By the Democracy & Human Rights Working Group*

 

Governments are responsible for protecting their citizens and ensuring their health and safety, and in extreme situations, this protection may include the temporary suspension or limiting of civil liberties for the sake of public health.  However, these measures must meet a number of criteria in order to be credible and acceptable, including that they be limited in scope and duration, have general applicability (i.e. not limited to certain populations), be based on legal norms, be proportionate to the situation, respect human dignity, and be subject to review.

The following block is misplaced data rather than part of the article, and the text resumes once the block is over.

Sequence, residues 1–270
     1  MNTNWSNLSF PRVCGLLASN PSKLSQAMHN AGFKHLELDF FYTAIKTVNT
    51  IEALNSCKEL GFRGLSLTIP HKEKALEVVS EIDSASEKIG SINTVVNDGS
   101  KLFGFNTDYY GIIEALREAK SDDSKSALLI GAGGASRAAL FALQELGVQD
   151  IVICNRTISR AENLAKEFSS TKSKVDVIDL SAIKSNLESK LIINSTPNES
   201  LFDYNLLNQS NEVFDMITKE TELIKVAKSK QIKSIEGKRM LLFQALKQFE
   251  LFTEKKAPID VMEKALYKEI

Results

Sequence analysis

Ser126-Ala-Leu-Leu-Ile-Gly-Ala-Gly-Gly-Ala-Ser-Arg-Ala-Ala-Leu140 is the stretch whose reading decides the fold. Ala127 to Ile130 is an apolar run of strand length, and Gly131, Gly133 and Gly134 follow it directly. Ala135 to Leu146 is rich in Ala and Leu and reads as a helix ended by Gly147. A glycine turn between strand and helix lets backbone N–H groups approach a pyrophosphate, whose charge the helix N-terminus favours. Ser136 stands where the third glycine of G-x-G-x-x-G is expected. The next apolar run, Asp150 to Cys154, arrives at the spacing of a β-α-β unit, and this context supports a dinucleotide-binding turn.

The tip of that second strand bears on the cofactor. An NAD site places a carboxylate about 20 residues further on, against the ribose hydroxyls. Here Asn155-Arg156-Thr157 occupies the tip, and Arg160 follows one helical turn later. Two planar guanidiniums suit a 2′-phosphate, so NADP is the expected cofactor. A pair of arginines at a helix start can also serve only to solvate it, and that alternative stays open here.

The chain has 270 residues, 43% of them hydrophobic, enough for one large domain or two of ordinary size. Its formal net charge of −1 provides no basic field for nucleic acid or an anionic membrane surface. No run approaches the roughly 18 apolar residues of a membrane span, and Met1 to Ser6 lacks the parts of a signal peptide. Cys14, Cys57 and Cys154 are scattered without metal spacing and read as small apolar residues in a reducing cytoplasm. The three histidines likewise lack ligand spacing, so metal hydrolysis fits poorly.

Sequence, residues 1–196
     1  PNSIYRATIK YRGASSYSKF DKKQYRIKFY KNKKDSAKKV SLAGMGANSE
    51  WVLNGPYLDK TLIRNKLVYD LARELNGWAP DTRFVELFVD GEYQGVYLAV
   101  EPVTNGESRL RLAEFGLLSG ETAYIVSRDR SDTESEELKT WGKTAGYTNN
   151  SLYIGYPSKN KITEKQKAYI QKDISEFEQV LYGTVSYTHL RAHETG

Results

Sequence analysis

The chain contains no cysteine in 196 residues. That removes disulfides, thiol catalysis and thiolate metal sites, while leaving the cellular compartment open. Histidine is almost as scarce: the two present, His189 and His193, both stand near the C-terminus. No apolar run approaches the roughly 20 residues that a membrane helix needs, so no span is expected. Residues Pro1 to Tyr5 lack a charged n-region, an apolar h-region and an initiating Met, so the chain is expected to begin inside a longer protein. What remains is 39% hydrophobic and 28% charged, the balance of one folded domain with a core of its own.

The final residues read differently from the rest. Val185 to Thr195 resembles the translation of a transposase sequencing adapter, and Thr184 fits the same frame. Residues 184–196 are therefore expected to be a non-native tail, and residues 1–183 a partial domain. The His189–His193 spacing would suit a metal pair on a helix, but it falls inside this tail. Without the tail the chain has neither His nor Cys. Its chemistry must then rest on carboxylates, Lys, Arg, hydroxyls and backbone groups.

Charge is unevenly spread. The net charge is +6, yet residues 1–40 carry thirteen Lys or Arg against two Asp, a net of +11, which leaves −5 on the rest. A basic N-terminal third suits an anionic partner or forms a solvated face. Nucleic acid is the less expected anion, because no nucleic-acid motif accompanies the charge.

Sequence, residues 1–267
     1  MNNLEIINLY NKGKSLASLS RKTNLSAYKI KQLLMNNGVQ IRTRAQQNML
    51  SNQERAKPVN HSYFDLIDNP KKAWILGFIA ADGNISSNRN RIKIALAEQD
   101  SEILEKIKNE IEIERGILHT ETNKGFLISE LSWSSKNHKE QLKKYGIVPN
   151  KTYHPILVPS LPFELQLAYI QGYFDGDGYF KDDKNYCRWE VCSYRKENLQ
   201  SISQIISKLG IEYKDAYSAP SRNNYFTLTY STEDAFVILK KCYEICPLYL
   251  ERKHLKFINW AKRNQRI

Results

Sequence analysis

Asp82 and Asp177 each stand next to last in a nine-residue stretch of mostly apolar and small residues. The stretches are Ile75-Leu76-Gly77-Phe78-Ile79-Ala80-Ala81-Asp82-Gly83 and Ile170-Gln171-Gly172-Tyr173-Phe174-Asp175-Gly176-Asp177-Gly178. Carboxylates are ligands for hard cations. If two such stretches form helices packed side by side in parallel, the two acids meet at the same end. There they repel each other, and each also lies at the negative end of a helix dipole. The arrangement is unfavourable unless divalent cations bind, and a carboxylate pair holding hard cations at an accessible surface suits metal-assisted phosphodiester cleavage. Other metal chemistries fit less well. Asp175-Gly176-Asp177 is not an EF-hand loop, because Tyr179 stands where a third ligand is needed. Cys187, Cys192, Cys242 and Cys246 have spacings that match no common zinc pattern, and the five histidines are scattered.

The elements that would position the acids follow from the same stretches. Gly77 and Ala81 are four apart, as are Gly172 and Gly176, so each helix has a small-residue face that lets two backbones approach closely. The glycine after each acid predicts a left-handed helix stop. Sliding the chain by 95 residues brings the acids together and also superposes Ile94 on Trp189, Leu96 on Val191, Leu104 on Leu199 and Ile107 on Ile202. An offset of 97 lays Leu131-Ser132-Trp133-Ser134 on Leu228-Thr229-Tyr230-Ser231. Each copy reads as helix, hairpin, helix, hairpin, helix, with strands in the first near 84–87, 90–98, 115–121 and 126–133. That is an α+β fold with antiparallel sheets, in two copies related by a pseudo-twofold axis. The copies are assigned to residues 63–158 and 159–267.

Unfortunately, a number of countries are taking advantage of the current COVID-19 global pandemic to implement repressive measures under cover of “public health protection.”  These actions are taking place in the context of 14 years of democratic decline, according to Freedom House, and a resurgence of authoritarianism.  According to the World Justice Project Rule of Law Index, more countries have declined in their fundamental rights score than any other rule of law factor both over the last year and the last five years.  Further, in the 18-24 months leading up to the pandemic, there has been an explosive rise in the use of digital media globally (and not always for a positive purpose), a rise in transnational corruption and kleptocracy, and continued lack of confidence in democracy with expectations for economic growth and security not being met.  The COVID-19 pandemic has added fear to these other uncertainties, making it easier for some leaders to use the crisis as an excuse to expand their authority and repress their people.  While popular protests against authoritarian rulers (from Russia and Hong Kong to Algeria and Iraq) were quieted during the early months of the pandemic, in Belarus and other places, the popular demand for accountability has since returned.